AWS Amplify Console is a fullstack web app hosting service, with continuous deployment from your preferred source code repository. Amplify Console has been introduced in November 2018 at AWS re:Invent. Since then, the team has been listening to customer feedback and iterated quickly to release several new features, here is a short re:Cap.
Instant Cache Invalidation
Amplify Console allows to host single page web apps or static sites with serverless backends via a content delivery network, or CDN. A CDN is a network of distributed servers that cache files at edge locations across the world enabling low latency distribution of your web file assets.
Previously, updating content on the CDN required manually invalidating the cache and waiting 15-20 minutes for changes to propagate globally. To make frequent updates, developers found workarounds such as setting lower time-to-live (TTLs) on asset headers which enables faster updates, but adversely impacts performance. Now, you no longer have to make a tradeoff between faster deployments and faster performance. On every commit code to your repository, the Amplify Console builds and deploys changes to the CDN that are viewable immediately in the browser.
“Deploy To Amplify Console” Button
When publishing your project source code on GitHub, you can make it easy for other developers to build and deploy your application by providing a “Deploy To Amplify Console” button in the Readme document. Clicking on that button will open Amplify Console and propose a three step process to deploy your code.
You test this yourself with these example projects and have a look at the documentation. Adding a button to your own code repository is as easy as adding this line in your Readme document (be sure to replace the username and repository name in the GitHub URL):
I think it is a good idea to version control everything, including simple web site where you are the only developer. But just in case you do not want to use a source code repository as source for your deployment, Amplify Console allows to deploy a zip file, a local folder on your laptop, an Amazon S3 bucket or any HTTPS URL, such as a shared repository on Dropbox.
When creating a new Amplify Console project, select Deploy without Git Provider option.
Then choose your source file (your laptop, Amazon S3 or an HTTPS URI)
AWS CloudFormation Integration
Developers love automation. Deploying code or infrastructure is no different : you must ensure your infrastructure deployments are automated and repeatable. AWS CloudFormation allows you to automate the creation of infrastruture in the cloud based on a YAML or JSON description. Amplify Console added three new resource types to AWS CloudFormation:
These allows you respectively to create a new Amplify Console app, to define the Git branch, and the DNS domain name to use.
AWS CloudFormation connects to your source code repository to add a webhook to it. You need to include your Github Personal Access Token to allow this to happen, this blog post has all the details. Remember to not hardcode credentials (or OAuth tokens) into your Cloudformation templates, use parameters instead.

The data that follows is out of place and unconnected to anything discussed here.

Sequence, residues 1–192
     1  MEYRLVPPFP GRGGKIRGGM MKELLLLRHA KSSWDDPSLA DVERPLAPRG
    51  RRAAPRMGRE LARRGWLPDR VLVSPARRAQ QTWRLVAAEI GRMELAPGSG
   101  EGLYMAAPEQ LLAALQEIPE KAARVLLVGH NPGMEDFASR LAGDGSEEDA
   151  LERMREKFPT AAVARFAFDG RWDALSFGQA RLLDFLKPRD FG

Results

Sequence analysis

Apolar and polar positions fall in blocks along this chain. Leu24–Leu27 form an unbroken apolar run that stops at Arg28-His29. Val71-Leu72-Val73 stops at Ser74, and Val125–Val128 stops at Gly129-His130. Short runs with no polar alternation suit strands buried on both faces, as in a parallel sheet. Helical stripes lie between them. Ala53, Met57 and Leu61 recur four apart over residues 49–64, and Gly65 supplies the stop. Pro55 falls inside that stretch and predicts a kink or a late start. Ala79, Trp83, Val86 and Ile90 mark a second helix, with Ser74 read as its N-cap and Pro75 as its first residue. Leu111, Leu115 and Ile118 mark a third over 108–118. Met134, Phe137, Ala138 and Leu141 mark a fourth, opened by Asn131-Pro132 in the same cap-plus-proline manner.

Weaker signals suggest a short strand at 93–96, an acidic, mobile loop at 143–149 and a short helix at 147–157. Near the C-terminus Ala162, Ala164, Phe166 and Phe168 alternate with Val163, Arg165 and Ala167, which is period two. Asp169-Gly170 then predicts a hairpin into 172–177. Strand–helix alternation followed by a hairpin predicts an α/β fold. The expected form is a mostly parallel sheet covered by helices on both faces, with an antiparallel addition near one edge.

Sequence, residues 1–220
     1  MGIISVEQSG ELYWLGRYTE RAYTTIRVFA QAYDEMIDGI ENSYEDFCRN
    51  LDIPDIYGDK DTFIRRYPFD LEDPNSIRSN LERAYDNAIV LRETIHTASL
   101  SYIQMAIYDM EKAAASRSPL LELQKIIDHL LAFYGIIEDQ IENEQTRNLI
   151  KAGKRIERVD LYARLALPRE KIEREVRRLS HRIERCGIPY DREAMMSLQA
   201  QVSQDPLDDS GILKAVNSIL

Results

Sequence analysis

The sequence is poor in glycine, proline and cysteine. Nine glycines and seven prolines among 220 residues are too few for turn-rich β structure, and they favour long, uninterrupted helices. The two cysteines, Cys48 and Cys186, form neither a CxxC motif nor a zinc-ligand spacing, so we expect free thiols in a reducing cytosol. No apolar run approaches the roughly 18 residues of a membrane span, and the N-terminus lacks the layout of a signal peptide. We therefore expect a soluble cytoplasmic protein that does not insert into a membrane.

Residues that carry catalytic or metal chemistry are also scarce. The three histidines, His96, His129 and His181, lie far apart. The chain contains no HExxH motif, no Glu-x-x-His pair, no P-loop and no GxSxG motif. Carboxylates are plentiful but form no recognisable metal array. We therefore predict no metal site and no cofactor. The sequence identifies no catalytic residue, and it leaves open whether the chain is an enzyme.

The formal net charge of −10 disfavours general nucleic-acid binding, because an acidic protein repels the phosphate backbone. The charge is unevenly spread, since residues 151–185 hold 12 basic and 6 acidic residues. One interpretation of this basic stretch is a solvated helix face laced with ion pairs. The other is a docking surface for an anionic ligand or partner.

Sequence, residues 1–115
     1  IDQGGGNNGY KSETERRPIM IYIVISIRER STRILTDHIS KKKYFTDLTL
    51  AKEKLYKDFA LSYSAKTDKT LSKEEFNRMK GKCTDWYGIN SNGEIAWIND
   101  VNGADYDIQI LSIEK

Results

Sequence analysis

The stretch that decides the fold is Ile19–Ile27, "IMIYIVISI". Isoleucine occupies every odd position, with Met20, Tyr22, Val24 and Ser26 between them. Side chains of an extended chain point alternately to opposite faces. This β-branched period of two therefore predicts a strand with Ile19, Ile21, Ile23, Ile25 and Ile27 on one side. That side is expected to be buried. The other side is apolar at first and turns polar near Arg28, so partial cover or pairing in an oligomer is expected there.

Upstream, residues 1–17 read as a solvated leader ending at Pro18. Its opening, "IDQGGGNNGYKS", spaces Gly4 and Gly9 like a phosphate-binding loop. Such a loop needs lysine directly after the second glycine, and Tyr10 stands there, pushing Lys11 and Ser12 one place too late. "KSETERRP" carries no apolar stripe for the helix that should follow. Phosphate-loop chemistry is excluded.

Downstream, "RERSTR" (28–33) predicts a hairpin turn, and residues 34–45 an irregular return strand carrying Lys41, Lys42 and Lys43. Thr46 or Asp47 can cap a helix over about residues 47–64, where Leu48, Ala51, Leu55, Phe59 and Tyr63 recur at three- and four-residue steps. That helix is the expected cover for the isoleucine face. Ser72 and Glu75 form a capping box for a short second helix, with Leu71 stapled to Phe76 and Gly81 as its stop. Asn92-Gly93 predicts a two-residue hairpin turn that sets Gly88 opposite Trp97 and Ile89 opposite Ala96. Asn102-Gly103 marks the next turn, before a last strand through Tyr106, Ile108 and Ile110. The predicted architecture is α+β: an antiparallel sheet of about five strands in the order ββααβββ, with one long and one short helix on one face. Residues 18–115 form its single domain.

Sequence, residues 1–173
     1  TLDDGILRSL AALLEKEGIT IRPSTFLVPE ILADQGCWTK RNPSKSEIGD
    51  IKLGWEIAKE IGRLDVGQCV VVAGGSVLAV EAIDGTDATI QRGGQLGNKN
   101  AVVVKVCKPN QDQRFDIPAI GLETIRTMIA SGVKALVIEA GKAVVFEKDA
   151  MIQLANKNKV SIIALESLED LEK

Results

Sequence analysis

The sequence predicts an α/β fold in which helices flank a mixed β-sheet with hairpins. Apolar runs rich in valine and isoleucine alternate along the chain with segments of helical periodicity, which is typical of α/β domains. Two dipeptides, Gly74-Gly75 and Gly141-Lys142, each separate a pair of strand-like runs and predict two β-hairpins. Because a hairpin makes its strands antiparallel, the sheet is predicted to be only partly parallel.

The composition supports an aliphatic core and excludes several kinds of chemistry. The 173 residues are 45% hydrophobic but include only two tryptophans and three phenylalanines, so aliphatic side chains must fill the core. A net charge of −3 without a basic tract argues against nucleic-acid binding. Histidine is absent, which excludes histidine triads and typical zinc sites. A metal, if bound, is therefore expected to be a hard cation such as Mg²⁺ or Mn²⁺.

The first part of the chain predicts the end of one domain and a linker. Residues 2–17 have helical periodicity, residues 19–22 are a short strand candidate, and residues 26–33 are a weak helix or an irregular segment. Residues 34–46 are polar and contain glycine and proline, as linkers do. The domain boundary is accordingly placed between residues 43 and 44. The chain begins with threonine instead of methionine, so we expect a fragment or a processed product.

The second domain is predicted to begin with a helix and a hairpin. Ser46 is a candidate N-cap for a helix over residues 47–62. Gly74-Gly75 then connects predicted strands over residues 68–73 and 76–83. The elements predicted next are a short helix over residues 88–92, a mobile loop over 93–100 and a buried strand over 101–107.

Deploy Multiple Git Branches
We believe your CI/CD tools must adapt to your team workflow, not the other way around. Amplify Console supports branch pattern deployments, allowing you to automatically deploy branches that match a specific pattern without any extra configuration. Pattern matching is based on regular expresssions.
When you want to test a new feature, you typically create a new branch in Git. Amplify Console and the Amplify CLI are now detecting this and will provision a separate backend and hosting infrastructure for your serverless app.
To enable branch detection, use the left menu, click on General > Edit and turn on Branch Autodetection:
Custom HTTP Headers
You can customize Amplify Console to send customized HTTP response headers. Response headers can be used for debugging, security, or informational purposes. To add your custom headers, you select App Settings > Build Settings and then edit the
buildspec. For example, to enforce TLS transport and prevent XSS attacks, you can add the following headers:
- pattern: '**/*'
- key: 'Strict-Transport-Security'
value: 'max-age=31536000; includeSubDomains'
- key: 'X-Frame-Options'
value: 'X-Frame-Options: SAMEORIGIN'
- key: 'X-XSS-Protection'
value: 'X-XSS-Protection: 1; mode=block'
- key: 'X-Content-Type-Options'
value: 'X-Content-Type-Options: nosniff'
- key: 'Content-Security-Policy'
value: "default-src 'self'"
The documentation has more details.
Custom Containers for Build
Last but not least, we made several changes to the build environment. Amplify Console uses AWS CodeBuild behind the scenes. The default build container image is now based on Amazon Linux 2 and has Serverless Application Model (SAM) CLI pre-installed. If, for whatever reasons you want to use your own container for the build, you can configure Amplify Console to do so. Select App Settings > Build Settings :
And then edit the build image setting
There are a few requirements on the container image: it has to have
OpenSSH and, if you are building NodeJS projects,
npm. As usual, the details are in the documentation.
Each of these new features has been driven by your feedback, so please continue to tell us what is important for you by submittin, and expect to see more changes coming in the second part of the year and beyond.
from AWS News Blog https://ift.tt/2Mgby2T